The division also advises on the human rights policy aspects of proposals for new legislation (and practices arising from the implementation of legislation) and ensures their consistency with the human rights provisions of the Basic Law.

The division provides advice and assistance in the preparation of reports to the United Nations under various UN instruments related to human rights that have been extended to Hong Kong. In 2006, the HKSAR's report under the Convention Against Torture and Other Cruel, Inhuman and Degrading Treatment or Punishment was submitted to the United Nations as part of China's report on the Convention. Hearings on reports under the International Covenant on Civil and Political Rights and the Convention on the Elimination of All Forms of Discrimination Against Women took place in March and August 2006 respectively.

The division also advises Government bureaus and departments extensively on the interpretation, implementation and implications of the Sex Discrimination Ordinance (Cap 480), the Disability Discrimination Ordinance (Cap 487) and the Family Status Discrimination Ordinance (Cap 527). Recently, the division has also provided advice and assistance in relation to the Race Discrimination Bill.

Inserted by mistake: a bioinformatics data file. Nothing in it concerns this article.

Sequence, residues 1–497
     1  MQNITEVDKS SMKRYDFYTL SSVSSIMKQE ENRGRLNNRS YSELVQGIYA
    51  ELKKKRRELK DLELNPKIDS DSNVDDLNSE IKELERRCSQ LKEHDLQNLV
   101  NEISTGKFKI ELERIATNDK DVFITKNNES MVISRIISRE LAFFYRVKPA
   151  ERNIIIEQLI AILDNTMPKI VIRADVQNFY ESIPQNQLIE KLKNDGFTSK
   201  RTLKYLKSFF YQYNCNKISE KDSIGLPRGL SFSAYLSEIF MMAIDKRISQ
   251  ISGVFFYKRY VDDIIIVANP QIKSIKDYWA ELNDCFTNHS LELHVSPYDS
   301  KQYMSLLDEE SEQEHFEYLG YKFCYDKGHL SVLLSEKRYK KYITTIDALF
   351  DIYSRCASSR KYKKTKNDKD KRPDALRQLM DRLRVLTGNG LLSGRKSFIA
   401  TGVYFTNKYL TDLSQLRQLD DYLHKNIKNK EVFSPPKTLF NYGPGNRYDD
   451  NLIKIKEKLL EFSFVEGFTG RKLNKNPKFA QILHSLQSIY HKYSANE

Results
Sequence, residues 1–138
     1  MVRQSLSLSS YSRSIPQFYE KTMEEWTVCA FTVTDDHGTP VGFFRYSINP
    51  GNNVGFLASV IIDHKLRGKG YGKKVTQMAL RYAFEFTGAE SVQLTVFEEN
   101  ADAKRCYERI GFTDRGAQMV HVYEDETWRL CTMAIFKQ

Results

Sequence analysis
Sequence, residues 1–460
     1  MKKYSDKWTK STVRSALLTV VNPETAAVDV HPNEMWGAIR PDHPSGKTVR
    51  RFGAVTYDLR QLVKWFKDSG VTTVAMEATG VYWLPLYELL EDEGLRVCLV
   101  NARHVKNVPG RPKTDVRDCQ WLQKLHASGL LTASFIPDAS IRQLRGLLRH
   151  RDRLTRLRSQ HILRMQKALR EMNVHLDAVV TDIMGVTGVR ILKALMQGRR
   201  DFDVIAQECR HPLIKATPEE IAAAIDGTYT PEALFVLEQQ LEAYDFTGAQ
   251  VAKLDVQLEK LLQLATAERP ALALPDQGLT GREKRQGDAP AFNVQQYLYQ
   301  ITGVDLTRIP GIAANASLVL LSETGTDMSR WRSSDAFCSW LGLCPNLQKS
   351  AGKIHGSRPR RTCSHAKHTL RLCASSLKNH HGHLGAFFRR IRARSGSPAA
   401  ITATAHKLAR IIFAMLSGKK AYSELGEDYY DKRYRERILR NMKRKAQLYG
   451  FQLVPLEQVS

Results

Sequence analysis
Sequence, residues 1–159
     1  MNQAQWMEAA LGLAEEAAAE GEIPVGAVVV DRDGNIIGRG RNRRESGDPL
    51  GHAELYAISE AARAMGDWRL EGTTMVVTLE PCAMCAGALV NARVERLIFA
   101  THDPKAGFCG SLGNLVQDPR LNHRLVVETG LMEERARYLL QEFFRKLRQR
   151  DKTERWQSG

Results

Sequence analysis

Mainland law and cross-border relations

The Department of Justice is represented at an event promoting knowledge of the law in Shenzhen (December 2007).
The department continues to work closely with the legal profession in seeking greater liberalisation of the legal services market in the Mainland under the framework of CEPA. Along with the legal profession, the department attends legal conferences and other promotional activities, both in the Mainland and in Hong Kong, to promote Hong Kong's legal services to the Mainland, especially Hong Kong's strengths as a regional dispute resolution centre.

In September 2007, the Secretary for Justice led a delegation from the Hong Kong legal profession to the 7th China Lawyers Forum in Yinchuan, Ningxia. The Solicitor General led a delegation of counsel from the Legal Policy and International Law Divisions to Beijing and Qingdao in December 2007. Those bodies visited by the delegation included the Ministry of Justice, the Supreme People's Court, the Hong Kong and Macao Affairs Office of the State Council, the Ministry of Foreign Affairs and the Qingdao Justice Bureau.